By Harry Forbes

Catholic News Service

NEW YORK (CNS)—”Brokeback Mountain” (Focus), the much publicized “gay cowboy love story” adapted from a New Yorker magazine piece by Pulitzer Prize-winner Annie Proulx, arrives at last, and the film itself—a serious contemplation of loneliness and connection—belies the glib description.

While it is the story of an intimate relationship, more to the point it’s the relationship of two emotionally scarred souls. Ranch hands Ennis (Heath Ledger) and Jack (Jake Gyllenhaal) share a sheepherding assignment on a mountain in Signal, Wyo., in 1963. Ennis is a man of few words; Jack is somewhat more open.

Their friendship gradually grows despite Ennis’ taciturn manner. At first, it’s only Jack who sleeps in the camp near the sheep (with Ennis ensconced down the mountain), but come to realize it is more practicable to guard the sheep in tandem.

Ennis resolutely insists he’ll sleep outdoors, but the cold drives him into Jack’s tent, where the two awkwardly, then roughly, have sex. Incidentally, that scene—short and with the men mostly clothed—is the only onscreen gay sexual encounter in the film.

In the morning, both are too embarrassed to talk about what has transpired, but a bond has formed, and we are led to understand that the relationship has deepened. Later, some outdoor wrestling is observed by their boss, the unsympathetic rancher Joe Aguirre (Randy Quaid), who watches them with a knowing eye.

At the end of the season, they come down from the mountain, and dismissing what happened on the mountain as a “one-shot deal,” go their separate ways. Ennis is engaged to Alma (Michelle Williams, Ledger’s real-life girlfriend). But we see him crumple in despair as soon as he’s alone. The first human connection he’s had is coming to an end.

Jack, for his part, makes a tentative attempt to pick up an Ennis-like cowboy in a bar, but eventually meets former prom queen Lureen (Anne Hathaway). Both men marry and have children.

Time goes by, and Jack sends a postcard to Ennis telling him he’s coming to town.

The air is rife with anticipation as Ennis waits for the reunion. When Jack finally drives up, the unexpressive Ennis can barely contain his excitement, and rushes out to meet him.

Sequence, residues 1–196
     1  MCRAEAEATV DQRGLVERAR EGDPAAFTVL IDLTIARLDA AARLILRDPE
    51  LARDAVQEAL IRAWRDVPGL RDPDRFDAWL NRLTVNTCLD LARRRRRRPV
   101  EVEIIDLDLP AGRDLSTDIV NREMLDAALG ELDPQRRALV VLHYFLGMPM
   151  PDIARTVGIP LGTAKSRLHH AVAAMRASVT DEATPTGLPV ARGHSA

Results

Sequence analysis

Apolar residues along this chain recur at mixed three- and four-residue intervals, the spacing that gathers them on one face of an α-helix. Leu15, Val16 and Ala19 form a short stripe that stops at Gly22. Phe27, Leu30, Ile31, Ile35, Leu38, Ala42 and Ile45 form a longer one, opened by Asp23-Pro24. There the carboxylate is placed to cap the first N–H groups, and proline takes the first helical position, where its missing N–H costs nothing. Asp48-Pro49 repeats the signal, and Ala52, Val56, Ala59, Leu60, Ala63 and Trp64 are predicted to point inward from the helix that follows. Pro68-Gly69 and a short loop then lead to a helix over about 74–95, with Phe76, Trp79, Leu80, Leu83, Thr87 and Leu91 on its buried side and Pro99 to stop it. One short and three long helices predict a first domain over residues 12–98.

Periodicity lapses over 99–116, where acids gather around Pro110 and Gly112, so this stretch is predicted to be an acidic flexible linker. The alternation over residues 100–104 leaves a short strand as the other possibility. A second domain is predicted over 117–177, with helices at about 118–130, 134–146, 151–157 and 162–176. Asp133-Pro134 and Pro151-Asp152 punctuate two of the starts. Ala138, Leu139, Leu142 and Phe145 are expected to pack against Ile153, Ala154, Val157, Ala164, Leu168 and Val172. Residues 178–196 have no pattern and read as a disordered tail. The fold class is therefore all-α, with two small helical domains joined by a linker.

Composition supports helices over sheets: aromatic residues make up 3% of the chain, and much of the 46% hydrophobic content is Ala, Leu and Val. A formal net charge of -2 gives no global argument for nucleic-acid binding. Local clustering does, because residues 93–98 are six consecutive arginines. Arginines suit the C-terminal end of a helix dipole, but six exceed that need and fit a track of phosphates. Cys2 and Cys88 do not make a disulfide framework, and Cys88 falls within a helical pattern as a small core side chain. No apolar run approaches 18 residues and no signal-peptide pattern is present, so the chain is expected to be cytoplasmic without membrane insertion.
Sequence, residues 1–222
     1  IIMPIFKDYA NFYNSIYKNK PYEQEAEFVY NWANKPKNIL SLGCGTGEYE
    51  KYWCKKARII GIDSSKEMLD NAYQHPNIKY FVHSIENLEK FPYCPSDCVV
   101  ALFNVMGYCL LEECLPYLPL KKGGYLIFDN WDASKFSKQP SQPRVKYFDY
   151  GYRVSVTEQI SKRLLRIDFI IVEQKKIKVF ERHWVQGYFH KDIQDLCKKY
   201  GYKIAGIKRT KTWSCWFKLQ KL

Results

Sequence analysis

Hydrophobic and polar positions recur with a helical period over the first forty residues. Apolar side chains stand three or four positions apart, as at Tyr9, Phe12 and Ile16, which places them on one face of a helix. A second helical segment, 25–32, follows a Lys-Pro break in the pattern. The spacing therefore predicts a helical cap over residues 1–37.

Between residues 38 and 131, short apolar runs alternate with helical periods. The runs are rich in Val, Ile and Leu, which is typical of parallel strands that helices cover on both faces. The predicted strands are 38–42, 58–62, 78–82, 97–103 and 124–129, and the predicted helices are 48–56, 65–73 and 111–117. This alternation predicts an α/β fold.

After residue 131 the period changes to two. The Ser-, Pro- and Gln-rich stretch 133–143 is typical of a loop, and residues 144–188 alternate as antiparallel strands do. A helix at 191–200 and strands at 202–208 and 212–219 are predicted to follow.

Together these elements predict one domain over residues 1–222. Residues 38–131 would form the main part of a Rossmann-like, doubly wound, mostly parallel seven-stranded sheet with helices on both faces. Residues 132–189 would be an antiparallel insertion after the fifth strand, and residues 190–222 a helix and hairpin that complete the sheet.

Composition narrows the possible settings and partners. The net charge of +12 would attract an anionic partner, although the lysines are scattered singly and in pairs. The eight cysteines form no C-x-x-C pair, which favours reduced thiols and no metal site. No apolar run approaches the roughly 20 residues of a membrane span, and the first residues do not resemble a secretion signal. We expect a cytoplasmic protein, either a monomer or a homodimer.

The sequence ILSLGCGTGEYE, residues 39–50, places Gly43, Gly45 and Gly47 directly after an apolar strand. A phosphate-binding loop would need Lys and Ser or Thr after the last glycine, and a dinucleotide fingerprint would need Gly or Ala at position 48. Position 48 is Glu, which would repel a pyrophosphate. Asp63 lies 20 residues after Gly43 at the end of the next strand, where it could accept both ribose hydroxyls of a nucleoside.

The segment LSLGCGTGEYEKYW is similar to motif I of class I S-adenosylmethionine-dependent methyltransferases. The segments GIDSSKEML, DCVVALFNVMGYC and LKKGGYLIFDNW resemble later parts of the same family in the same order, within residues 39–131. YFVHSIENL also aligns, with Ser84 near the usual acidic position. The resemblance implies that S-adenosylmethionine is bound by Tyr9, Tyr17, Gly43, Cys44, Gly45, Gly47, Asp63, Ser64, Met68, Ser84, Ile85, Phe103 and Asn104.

They embrace passionately, not realizing that Alma is sadly viewing the interaction from behind the screen door. She says nothing, but understands all.

On the trip, Jack proposes that they chuck their families and buy a ranch, but Ennis—who as a child witnessed the aftermath of a hate-crime murder of two rancher neighbors who had lived together—can’t bring himself to do it.

Thereafter, Ennis and Jack initiate meeting several times a year for “fishing” trips where they can be alone together. Lureen, for her part, senses the importance of these trips to her husband, but remains engrossed in her own business.

As the Catholic Church makes a distinction between homosexual orientation and activity, Ennis and Jack’s continuing physical relationship is morally problematic.

The adulterous nature of their affair is another hot-button issue. But the pain Jack and Ennis cause their families is not whitewashed. (The women are played with tremendous sympathy, not as shrill harridans.) It’s the emotional honesty of the story overall, and the portrayal of an unresolved relationship—which, by the way, ends in tragedy—that seems paramount.

Director Ang Lee tells the story with a sure sense of time and place, and presents the narrative in a way that is more palatable than would have been thought possible. Larry McMurtry and Diana Ossana’s screenplay uses virtually every scrap of information in Proulx’s story, which won a National Magazine Award, and expands it while remaining utterly true to the source.

The performances are superb. Australian Ledger may be the one to beat at Oscar time, as his repressed manly stoicism masking great vulnerability is heartbreaking, and his Western accent sounds wonderfully authentic. Gyllenhaal is no less accomplished as the more demonstrative of the pair, while Williams and Hathaway (the latter, a far cry from “The Princess Diaries,” giving her most mature work to date) are very fine.

Looked at from the point of view of the need for love which everyone feels but few people can articulate, the plight of these guys is easy to understand while their way of dealing with it is likely to surprise and shock an audience.

Except for the initial sex scene, and brief bedroom encounters between the men and their (bare breasted) wives, there’s no sexually related nudity. Some outdoor shots of the men washing themselves and skinny-dipping are side-view, long-shot or out-of-focus images.

While the actions taken by Ennis and Jack cannot be endorsed, the universal themes of love and loss ring true.

The film contains tacit approval of same-sex relationships, adultery, two brief sex scenes without nudity, partial and shadowy brief nudity elsewhere, other implied sexual situations, profanity, rough and crude expressions, alcohol and brief drug use, brief violent images, a gruesome description of a murder, and some domestic violence. The USCCB Office for Film & Broadcasting classification is L—limited adult audience, films whose problematic content many adults would find troubling. The Motion Picture Association of America rating is R—restricted.

Forbes is director of the Office for Film & Broadcasting of the U.S. Conference of Catholic Bishops.